Janie has been in the development, construction and real estate industries for over 20 years. She began her career in commerical construction and has slowly worked into all of the related industries and added residential properties to her resume 7 years ago. She is currently the co-owner of sister companies, Papillon Real Estate and Papillon ReDevelopment (a construction and project management firm). Janie blogs for The Coral Gables Story. In her "free" time, she is a graduate student of Atlantic History with a focus on the history of business and technology. She is a lover of geo-anything. She loves the story.



  1. Maureen McCabe

    April 28, 2010 at 9:41 am

    Interesting but as I have only “checked in” on Foursquare twice… and currently have no listings, I probably do not deserve an opinion.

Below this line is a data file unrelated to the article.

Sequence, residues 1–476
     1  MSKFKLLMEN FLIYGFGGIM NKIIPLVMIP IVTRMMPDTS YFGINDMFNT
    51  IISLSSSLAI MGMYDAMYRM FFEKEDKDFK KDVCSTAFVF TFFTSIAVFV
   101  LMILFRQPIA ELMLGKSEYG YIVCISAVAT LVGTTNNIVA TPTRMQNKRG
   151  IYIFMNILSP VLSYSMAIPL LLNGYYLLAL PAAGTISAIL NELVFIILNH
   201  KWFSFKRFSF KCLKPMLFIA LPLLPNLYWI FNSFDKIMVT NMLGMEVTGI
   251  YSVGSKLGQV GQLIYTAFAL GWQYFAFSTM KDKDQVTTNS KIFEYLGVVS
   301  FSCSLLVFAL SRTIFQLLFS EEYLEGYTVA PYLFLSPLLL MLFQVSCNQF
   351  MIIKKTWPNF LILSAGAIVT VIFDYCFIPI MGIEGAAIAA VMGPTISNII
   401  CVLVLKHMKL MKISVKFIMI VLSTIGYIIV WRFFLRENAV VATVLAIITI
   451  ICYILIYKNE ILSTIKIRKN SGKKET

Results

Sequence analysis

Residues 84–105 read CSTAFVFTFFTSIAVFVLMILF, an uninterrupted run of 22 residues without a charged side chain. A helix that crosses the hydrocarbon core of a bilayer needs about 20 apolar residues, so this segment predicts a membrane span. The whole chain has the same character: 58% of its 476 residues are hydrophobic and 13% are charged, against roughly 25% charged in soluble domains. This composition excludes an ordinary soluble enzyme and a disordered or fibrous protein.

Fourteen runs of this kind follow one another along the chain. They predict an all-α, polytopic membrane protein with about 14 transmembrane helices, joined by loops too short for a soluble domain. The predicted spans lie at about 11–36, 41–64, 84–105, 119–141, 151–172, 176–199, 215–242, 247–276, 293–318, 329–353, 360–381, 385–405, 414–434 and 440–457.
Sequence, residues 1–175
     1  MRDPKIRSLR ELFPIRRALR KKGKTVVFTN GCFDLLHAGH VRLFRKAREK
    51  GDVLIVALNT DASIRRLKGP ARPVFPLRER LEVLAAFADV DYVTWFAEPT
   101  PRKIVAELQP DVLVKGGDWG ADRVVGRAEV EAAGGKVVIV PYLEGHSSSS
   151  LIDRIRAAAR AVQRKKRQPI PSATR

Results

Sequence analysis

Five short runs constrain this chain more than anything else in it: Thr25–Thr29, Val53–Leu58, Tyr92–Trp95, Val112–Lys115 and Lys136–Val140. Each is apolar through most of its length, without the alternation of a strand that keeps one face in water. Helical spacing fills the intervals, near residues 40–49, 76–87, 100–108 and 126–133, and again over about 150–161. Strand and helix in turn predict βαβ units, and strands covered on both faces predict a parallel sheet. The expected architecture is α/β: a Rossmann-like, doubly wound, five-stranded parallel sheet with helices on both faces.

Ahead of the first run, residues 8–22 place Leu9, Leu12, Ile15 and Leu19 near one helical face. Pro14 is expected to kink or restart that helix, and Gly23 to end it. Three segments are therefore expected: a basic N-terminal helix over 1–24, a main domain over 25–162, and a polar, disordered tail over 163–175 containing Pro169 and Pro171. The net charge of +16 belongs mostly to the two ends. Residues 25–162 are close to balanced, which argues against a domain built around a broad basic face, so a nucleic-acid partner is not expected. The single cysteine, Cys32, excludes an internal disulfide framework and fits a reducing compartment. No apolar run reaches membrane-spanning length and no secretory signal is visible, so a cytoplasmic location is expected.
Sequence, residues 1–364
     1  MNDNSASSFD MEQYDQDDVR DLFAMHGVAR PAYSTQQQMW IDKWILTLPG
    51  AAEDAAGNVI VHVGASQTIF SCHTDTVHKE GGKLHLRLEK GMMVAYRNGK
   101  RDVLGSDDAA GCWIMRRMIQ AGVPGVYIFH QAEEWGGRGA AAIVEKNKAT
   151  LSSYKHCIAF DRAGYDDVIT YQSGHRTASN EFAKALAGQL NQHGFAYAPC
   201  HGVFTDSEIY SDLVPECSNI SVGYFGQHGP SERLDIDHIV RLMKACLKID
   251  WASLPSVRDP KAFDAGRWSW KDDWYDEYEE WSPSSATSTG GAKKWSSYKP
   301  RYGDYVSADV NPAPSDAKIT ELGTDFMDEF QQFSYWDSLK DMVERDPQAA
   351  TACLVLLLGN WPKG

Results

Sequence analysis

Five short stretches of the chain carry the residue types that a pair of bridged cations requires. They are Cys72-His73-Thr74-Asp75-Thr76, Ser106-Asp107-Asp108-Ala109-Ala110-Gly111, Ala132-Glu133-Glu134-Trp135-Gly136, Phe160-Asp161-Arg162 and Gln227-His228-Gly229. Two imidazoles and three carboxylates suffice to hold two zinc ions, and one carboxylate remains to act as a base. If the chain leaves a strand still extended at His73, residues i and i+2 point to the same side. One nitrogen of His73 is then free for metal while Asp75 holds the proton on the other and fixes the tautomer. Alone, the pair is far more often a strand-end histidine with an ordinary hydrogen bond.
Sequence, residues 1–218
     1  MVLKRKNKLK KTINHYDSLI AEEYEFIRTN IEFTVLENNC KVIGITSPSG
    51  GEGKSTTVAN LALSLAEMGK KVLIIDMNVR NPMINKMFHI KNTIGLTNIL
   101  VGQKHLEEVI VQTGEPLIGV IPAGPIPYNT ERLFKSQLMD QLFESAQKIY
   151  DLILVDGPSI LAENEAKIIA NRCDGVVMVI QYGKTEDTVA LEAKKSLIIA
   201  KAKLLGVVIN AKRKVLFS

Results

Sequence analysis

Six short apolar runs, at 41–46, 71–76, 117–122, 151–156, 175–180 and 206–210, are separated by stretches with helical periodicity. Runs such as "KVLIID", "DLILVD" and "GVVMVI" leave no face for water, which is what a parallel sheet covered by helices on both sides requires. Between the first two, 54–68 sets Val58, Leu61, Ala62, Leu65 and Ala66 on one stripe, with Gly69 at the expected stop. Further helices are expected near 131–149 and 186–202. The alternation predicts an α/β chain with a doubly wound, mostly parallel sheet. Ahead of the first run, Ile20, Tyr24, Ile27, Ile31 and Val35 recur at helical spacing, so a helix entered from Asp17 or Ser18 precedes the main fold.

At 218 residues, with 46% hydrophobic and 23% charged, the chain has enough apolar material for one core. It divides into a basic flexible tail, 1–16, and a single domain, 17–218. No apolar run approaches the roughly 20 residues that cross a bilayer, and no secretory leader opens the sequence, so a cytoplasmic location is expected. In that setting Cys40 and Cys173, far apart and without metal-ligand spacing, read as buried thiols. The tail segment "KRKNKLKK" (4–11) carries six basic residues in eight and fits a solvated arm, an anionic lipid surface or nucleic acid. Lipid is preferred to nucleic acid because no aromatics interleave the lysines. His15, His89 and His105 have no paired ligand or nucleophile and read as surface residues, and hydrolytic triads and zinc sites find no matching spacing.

I never thought of Foursquare being for real estate, I have seen a few people check in at their office or call out a listing.

    Do a lot of the listings on Trulia and Zillow get taken down after the homes sell? I hear lots of whining on ActiveRain about agents who can not get taken a property down whenever Sara Bonert or Spencer R. post about their business. Patient Sara (or is it Sarah?) tells the agents how to take their listings down over and over. I wonder how many actually do get removed.

    Foursquare littered with old real estate stuff? hmmmm

    • Janie Coffey

      April 28, 2010 at 9:54 am

      Interesting ideas right? I’ll be interested to see where the discussion leads. Old listings still on the internet are a pain, it is my hope that the portals will resolve that issue with time.

      You always deserve an opinion, listings or no, and a fresh outside voice is especially useful to the discussion.